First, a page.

ページの先頭です。 メニューを飛ばして本文へ

検索コーナー

ライフステージ

  • 妊娠・出産
  • 子育て・教育
  • 就職・退職
  • 結婚・離婚
  • 引越し・住まい
  • 老後・介護
  • おくやみ


Tradition & Culture

印刷用ページを表示する 掲載日:2016年7月15日更新

History and Religion

It is said that Mt. Ishizuchi, the tallest peak in western Japan, was first used for religious training 1,300 years ago by En no Gyoja (also known as En no Ozunu), the founder of Shugendo (ascetic training). En no Gyoja opened temples on sacred mountains across Japan.Today, elements of Shugendo practice can be seen at several shrines and temples in the area, including Ishizuchi Shrine and Gokuraku-ji Temple.

In the middle of the Nara period, the ascetic Jakusen (posthumously the Bodhisattva Jakusen) lived on Mt. Ishizuchi and worshipped the mountain deity Ishizuchi-zao Daigongen. Following this, many ascetics came to the mountain to train, leading to the establishment of the Joujuusha Shrine. This shrine is the predecessor of the modern Jojusha Shrine, the name of which is written with different Chinese characters.

It is also said that Buddhist patriarch Kobo Daishi (Kukai) trained on Mt. Ishizuchi. Ishizuchi mountain worship also inspired devoted followers such as Emperor Kanmu, Emperor Montoku, Minamoto no Yoritomo, members of the Toyotomi and Kono clans and the leaders of nearby Saijo and Komatsu domains.
石鎚歴史

The Mountain-Opening Festival

Ishizuchi Shrine's grand summer festivities, popularly known as the "mountain-opening" (oyama-biraki), take place from July 1-10. During this period, ascetic practitioners dressed in white garb gather to summit the mountain.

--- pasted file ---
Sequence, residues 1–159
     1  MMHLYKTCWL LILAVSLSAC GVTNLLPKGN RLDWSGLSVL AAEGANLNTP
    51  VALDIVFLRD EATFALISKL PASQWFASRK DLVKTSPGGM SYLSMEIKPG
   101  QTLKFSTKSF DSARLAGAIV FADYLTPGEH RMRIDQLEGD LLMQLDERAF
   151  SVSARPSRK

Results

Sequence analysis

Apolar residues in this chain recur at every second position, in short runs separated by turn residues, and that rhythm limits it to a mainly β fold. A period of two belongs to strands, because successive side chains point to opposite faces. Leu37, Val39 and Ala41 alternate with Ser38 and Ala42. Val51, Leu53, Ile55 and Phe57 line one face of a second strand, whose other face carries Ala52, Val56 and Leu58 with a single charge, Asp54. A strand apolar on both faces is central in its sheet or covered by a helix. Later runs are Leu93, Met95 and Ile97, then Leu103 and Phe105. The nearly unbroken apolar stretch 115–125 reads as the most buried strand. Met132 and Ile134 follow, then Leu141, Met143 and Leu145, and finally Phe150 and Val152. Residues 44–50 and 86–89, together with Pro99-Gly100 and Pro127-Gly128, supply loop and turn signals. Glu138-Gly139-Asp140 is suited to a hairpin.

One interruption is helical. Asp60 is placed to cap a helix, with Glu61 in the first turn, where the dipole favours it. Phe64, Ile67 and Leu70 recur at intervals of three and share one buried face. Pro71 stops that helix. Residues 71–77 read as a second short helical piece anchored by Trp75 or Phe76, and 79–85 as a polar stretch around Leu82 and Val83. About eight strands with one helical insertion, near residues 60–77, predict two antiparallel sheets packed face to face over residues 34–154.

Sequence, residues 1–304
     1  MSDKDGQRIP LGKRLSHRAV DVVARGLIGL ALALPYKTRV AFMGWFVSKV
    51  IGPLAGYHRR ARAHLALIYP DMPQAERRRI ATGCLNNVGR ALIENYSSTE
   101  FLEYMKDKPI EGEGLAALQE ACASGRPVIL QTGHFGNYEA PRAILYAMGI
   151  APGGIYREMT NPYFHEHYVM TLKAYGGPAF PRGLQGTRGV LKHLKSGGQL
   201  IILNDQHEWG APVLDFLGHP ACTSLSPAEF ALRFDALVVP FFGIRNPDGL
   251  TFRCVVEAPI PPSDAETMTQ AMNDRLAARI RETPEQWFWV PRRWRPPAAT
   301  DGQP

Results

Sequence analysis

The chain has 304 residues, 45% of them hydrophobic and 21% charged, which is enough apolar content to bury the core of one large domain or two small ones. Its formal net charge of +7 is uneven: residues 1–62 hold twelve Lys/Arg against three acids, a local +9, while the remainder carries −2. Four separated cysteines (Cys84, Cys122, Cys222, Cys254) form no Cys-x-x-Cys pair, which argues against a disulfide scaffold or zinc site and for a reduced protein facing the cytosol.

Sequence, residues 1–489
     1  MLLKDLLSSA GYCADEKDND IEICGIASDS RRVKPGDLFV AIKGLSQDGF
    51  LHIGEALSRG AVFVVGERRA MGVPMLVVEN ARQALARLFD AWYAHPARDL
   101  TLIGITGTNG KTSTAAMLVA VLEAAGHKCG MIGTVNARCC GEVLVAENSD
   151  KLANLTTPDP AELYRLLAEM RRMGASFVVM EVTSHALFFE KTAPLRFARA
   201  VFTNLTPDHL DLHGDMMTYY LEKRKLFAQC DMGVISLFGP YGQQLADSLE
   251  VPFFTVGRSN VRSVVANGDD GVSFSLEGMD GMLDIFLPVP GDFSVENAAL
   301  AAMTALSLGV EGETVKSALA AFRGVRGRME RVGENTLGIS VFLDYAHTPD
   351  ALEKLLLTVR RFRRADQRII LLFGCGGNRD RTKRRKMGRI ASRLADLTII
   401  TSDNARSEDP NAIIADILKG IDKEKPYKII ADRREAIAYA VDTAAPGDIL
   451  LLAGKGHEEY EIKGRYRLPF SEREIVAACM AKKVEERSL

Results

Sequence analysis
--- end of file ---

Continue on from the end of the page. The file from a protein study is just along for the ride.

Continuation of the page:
While climbing, these faithful chant sutras and play a conch shell known as a horagai. (For religious reasons, on July 1 women are not permitted to climb the mountain.)
お山開き1     お山開き2

Chains

One of Mt. Ishizuchi's most famous features is its iron climbing chains. Including the "trial chain" at Zenjamori on the Joju (Ropeway) trail, these four chains will test your strength. (There are bypass trails for hikers who do not wish to use the chains.)

Records of these chains being replaced are present from the early Edo period, so they are known to be over 300 years old.

・Trial chain 74 m (Note: Part of the trial chain requires climbers to descend.)

・First chain 33 m

・Second chain 65 m

・Third chain 68 m

*The trial chain is the only one of the four that requires climbers to descend. The Tsuchigoya route includes only the second and third chains. Hikers using the Joju (Ropeway) route have access to all four chains.
鎖1     鎖2

Mountainside Traditions

Ishizuchi Kurocha (post-fermented tea)

Black-colored post-fermented tea produced for centuries at the base of Mt. Ishizuchi.
This tea has been served to pilgrims, ascetics, and other visitors at seasonal events for many years, taking its name from the region and color of its leaves (kurocha means "black-colored tea," which is different from "black tea" or "kocha" in Japanese).


Return to main page